On the way they met a man named Simon, who was coming into the city from the country, and the soldiers forced him to carry Jesus’ cross. (Simon was from Cyrene and was the father of Alexander and Rufus.) They took Jesus to a place called Golgotha, which means “The Place of the Skull.”
Wait a minute! Back up! The father of Alexander and Rufus? Who are Alexander and Rufus? And why are they important enough to mention right in the middle of the story of Jesus’ crucifixion? No other gospel writer mentions them.
There is only one reason I can think of for including them in the story: the people for whom this gospel was intended knew them! Alexander and Rufus were members of their community! Alexander and Rufus were Christians!
This story, Jesus’ story, is not about something that happened to some foreigners in some distant land. You know Alexander and Rufus? Their father was there when Jesus was executed! Their father was the one who was made to carry the Roman cross on which he was hung!
This story, Jesus’ story, is not just about other people, not just for other people. It’s about you! It is for you! It is your story too!
They took Jesus to a place called Golgotha, which means “The Place of the Skull.” There they tried to give him wine mixed with a drug called myrrh, but Jesus would not drink it. Then they crucified him and divided his clothes among themselves, throwing dice to see who would get which piece of clothing. It was nine o’clock in the morning when they crucified him. The notice of the accusation against him said: “The King of the Jews.” They also crucified two bandits with Jesus, one on his right and the other on his left.
It seems this execution was no big deal to the Roman authorities. This was no high level display of Roman superiority, no high profile execution of a well-known subversive. He was crucified … among a group of thieves! He was put to death as a petty criminal!
His was not a martyr’s death, but a common death, a death any of us might suffer, deservedly or undeservedly, literally or emotionally, at the hands of those who would judge us.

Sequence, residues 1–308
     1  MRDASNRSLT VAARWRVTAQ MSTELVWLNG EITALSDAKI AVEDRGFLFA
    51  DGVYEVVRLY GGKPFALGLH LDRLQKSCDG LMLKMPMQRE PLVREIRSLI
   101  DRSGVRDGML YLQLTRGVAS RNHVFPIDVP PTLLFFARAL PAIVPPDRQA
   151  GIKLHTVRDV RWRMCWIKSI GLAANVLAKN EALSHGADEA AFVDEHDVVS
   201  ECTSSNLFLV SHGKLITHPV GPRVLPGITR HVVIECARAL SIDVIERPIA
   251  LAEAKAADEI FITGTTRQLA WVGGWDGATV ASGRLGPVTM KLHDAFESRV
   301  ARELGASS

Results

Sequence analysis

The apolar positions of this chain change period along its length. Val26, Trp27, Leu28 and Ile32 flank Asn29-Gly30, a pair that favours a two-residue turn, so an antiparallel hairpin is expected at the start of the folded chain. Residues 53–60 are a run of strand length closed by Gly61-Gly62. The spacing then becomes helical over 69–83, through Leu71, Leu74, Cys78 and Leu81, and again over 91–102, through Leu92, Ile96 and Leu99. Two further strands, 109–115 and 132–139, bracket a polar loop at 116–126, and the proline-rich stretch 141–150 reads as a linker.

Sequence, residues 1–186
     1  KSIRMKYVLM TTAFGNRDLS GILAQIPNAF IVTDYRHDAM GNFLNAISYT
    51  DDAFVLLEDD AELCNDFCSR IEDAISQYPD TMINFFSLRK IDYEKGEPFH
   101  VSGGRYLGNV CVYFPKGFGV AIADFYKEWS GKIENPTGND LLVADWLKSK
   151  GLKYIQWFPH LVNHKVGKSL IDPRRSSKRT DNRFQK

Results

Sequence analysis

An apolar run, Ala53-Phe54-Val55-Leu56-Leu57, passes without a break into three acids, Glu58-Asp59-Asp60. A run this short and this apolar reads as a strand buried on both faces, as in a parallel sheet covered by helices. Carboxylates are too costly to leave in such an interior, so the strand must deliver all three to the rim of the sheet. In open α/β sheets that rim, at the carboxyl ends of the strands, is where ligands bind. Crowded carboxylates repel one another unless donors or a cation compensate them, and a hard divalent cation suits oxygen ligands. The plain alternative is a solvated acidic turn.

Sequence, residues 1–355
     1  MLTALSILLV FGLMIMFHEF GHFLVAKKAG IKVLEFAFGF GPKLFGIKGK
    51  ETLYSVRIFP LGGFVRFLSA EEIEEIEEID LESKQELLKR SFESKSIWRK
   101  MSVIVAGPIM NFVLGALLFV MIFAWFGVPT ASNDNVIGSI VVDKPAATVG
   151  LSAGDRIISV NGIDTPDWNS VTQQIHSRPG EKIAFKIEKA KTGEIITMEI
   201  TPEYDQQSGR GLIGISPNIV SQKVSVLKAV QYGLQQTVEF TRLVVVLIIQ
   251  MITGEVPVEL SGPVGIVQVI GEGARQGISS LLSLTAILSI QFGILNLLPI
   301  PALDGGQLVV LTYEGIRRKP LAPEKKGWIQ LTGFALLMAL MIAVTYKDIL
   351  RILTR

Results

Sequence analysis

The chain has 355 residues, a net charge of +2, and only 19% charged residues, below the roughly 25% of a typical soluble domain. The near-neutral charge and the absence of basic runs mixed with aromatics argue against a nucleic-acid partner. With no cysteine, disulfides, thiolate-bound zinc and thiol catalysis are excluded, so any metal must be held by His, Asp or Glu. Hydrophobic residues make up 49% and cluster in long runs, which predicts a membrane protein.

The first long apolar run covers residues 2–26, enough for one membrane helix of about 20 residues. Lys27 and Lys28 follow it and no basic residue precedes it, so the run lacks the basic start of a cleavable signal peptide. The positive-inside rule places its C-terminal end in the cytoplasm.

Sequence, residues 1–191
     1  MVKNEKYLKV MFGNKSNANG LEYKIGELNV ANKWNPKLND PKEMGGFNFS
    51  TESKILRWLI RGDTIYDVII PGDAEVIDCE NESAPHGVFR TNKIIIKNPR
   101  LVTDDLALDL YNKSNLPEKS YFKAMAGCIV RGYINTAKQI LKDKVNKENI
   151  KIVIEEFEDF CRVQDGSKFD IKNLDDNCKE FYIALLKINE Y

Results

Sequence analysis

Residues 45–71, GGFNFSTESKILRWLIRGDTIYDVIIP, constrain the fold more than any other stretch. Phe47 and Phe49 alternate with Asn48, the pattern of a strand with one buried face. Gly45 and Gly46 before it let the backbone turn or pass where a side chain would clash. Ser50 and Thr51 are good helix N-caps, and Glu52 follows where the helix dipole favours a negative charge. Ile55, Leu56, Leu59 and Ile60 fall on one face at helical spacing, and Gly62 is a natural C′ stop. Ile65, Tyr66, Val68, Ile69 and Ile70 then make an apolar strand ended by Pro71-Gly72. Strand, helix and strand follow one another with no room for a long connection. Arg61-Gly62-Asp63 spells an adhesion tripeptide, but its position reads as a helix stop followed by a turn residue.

He was judged unworthy, undesirable, expendable, unwanted, and he paid the ultimate price of rejection by humanity and by God.
So when we are judged unworthy, undesirable, expendable, unwanted, when we are rejected, undeservedly by our peers or deservedly by God, we can know that Jesus has been there too. He shares our lot with us, and we share his lot with him.
With him, we die, and with him … You know the story is not yet finished! Jesus is not a martyr, but a savior!
People passing by shook their heads and hurled insults at Jesus: “Aha! You were going to tear down the Temple and build it up again in three days! Now come down from the cross and save yourself!”
In the same way the chief priests and the teachers of the Law made fun of Jesus, saying to one another, “He saved others, but he cannot save himself! Let us see the Messiah, the king of Israel, come down from the cross now, and we will believe in him!”
And the two who were crucified with Jesus insulted him also.
They all insulted him. Even the thieves insulted him! What could possibly prompt a dying criminal to insult a man who shares his fate?
Insecurity. Fear. Threat. Jealousy. They are all threatened by what they do not understand and jealous of what they are unwilling to give up, what even a dying man is unwilling to give up … his pride. To accept what Jesus says, to embrace who Jesus is, we must give up our pride. We must admit what we are, admit what we do not know and what we cannot do. We must admit … we need him.
We need him. We need him. Jesus, our deliverer. Jesus, our savior. Jesus, our Lord!
As reported today by Reuters:
President-elect Barack Obama has chosen a pastor who opposes gay marriage as a speaker at his inauguration, creating a commotion over what inclusiveness will mean for his administration.